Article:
Those captivated by the latter need to get expert advice, available from the BAPSH and the Lusitano Breed Society of Great Britain.
"A lot of people will stand outside the ring and see a Spanish horse and rider in costume and a Lusitano horse and rider in costume and think they look more or less the same," says Lorri. "But there are differences"

"The problem is that they don’t have show classes like we do. We need to formalise how showing should be done and we’re slowly getting there. The societies work closely together and next year, we’re organising a judges’ seminar where we’ll invite judges of English-style show horses to come along and meet leading judges of our breeds."
Proof that interest in the breeds is growing is the fact that at one time, you’d be lucky to find half a dozen shows where you could see or compete on them.
"This year, there were about 23," says Lorri. "We really want to be out there showing and we want to make the breeds accessible to everyone."
Advanced movements are kept for parade classes in costume.
"Although the training should be correct, it’s not necessarily about showing movements to the standard of advanced dressage, it’s about showing off your horse," said Lorri. "Think flashy and flamboyant!"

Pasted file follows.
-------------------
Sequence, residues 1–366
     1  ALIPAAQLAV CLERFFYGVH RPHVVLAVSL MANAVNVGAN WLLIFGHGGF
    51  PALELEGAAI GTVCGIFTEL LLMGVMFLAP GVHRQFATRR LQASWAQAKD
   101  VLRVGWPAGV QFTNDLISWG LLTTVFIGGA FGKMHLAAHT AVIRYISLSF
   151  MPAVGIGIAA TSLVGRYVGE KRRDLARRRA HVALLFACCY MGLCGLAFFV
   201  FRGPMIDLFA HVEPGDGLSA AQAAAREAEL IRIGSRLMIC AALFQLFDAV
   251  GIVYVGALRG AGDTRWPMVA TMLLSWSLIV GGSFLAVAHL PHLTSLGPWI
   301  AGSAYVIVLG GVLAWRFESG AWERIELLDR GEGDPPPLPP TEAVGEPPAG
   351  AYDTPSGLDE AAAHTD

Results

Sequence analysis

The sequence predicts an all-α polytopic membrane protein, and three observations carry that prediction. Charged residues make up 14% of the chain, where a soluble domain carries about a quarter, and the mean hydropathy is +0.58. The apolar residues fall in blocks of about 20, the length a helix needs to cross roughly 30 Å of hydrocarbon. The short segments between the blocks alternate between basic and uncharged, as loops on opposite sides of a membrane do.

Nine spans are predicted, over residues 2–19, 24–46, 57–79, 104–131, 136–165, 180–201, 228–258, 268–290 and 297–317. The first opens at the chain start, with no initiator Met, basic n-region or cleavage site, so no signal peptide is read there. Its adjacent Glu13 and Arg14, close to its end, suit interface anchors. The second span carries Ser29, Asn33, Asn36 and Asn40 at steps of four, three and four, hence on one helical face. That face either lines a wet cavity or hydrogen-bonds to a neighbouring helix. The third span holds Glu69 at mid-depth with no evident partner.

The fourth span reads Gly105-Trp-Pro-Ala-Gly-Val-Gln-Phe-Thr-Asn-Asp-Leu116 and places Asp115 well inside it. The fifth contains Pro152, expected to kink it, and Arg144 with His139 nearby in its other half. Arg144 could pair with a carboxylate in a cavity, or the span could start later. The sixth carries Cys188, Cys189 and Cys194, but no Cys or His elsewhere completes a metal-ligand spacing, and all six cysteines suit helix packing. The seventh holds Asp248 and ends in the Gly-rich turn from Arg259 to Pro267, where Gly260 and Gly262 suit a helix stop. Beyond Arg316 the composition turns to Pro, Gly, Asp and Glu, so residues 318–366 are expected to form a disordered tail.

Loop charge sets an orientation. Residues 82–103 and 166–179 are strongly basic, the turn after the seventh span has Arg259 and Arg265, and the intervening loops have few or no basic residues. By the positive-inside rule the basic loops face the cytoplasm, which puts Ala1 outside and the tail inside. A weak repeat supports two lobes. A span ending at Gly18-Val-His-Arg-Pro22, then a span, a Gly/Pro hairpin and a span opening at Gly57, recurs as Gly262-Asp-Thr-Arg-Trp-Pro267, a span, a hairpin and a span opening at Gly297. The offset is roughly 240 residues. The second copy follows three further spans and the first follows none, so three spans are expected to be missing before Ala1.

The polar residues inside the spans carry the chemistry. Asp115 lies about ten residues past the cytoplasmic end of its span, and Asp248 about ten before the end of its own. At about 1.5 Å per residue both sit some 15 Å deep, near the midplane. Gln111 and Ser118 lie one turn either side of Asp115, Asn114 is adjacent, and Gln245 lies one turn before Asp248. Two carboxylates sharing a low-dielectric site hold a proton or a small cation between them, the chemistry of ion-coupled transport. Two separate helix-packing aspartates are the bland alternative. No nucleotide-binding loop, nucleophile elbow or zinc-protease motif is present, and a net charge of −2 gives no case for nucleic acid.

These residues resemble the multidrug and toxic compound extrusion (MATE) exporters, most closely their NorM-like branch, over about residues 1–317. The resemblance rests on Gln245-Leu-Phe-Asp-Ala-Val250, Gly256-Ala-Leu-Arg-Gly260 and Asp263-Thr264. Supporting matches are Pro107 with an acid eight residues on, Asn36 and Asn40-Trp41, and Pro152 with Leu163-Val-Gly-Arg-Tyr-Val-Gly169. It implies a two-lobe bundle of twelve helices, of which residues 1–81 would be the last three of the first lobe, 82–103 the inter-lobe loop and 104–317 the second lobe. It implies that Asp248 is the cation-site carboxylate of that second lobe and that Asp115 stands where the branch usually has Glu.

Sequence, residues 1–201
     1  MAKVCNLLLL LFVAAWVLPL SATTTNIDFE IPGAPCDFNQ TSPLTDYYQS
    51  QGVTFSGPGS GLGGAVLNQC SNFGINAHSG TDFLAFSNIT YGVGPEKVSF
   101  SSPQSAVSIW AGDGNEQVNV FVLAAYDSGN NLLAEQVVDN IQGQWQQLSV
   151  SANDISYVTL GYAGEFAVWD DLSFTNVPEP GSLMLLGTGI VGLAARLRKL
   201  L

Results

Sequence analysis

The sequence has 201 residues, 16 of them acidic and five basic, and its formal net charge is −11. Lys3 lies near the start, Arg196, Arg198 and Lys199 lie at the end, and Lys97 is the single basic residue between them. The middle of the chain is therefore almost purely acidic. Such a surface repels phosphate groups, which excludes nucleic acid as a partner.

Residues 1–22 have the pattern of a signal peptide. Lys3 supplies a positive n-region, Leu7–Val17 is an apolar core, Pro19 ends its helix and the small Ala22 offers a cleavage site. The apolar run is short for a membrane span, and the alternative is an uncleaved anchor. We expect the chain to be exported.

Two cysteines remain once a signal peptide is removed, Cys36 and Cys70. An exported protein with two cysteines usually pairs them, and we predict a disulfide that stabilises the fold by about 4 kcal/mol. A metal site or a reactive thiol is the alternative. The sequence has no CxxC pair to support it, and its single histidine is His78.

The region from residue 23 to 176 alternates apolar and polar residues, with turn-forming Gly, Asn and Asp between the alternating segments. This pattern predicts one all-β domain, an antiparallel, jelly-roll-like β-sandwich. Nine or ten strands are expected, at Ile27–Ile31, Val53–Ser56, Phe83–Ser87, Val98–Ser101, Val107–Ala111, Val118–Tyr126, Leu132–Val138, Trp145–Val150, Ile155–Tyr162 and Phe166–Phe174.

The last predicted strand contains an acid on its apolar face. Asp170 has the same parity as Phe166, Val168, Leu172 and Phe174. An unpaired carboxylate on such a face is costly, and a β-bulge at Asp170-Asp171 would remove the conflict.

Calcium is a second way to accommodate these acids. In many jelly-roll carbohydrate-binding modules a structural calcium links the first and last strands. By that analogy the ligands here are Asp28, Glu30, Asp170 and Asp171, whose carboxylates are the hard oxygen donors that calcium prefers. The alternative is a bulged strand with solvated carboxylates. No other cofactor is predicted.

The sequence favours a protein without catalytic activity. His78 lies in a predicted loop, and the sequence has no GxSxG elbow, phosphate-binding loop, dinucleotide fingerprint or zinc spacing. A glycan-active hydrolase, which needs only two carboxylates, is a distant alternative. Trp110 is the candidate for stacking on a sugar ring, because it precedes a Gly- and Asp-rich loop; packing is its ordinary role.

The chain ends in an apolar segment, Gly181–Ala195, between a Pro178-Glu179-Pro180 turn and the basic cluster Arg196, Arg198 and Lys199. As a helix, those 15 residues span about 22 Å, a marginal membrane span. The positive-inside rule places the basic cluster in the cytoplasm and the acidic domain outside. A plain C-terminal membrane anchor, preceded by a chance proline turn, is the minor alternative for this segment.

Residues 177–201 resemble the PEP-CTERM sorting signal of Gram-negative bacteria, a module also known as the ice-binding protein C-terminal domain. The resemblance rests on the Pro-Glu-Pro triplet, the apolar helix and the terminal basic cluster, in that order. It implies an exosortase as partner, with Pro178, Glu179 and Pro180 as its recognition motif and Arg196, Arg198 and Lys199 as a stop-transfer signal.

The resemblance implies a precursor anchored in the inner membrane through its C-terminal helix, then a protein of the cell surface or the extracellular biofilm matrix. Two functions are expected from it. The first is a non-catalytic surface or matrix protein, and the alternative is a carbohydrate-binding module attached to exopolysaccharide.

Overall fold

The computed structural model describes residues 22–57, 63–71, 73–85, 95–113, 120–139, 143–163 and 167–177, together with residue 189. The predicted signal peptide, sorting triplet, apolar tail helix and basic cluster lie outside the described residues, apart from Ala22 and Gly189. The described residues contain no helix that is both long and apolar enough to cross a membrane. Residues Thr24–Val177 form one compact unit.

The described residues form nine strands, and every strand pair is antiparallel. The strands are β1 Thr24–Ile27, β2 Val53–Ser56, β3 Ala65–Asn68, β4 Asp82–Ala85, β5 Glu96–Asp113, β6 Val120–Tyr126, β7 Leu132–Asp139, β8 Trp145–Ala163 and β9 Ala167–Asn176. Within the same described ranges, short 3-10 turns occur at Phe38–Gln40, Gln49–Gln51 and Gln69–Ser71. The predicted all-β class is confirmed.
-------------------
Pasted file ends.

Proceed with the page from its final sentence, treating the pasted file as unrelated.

Finally, don’t miss out on the growing sport of working equitation, which has its origins in Portugal but is now a serious sport throughout Europe and attracting a growing number of enthusiasts in Britain.
In this country, it is open to all breeds but, because of its history, inevitably attracts those who ride and train Lusitanos and PRE horses.
A working equitation competition comprises three phases combining exercises on the flat and through obstacles. All are designed to show the correct training, athleticism and obedience of the horse and there are echoes of Western trail classes and barrel racing as well as conventional dressage. Several centres now offer lessons and courses, including Pine Lodge School of Equitation in Norfolk, Turville Valley Stud, Oxon, and Penn Llyn Classical Riding Centre, Gwynedd.
Devotees say that wherever your dreams lie, there is an Iberian horse that can make them come true. For pleasure or competition, they really do have a magic all of their own.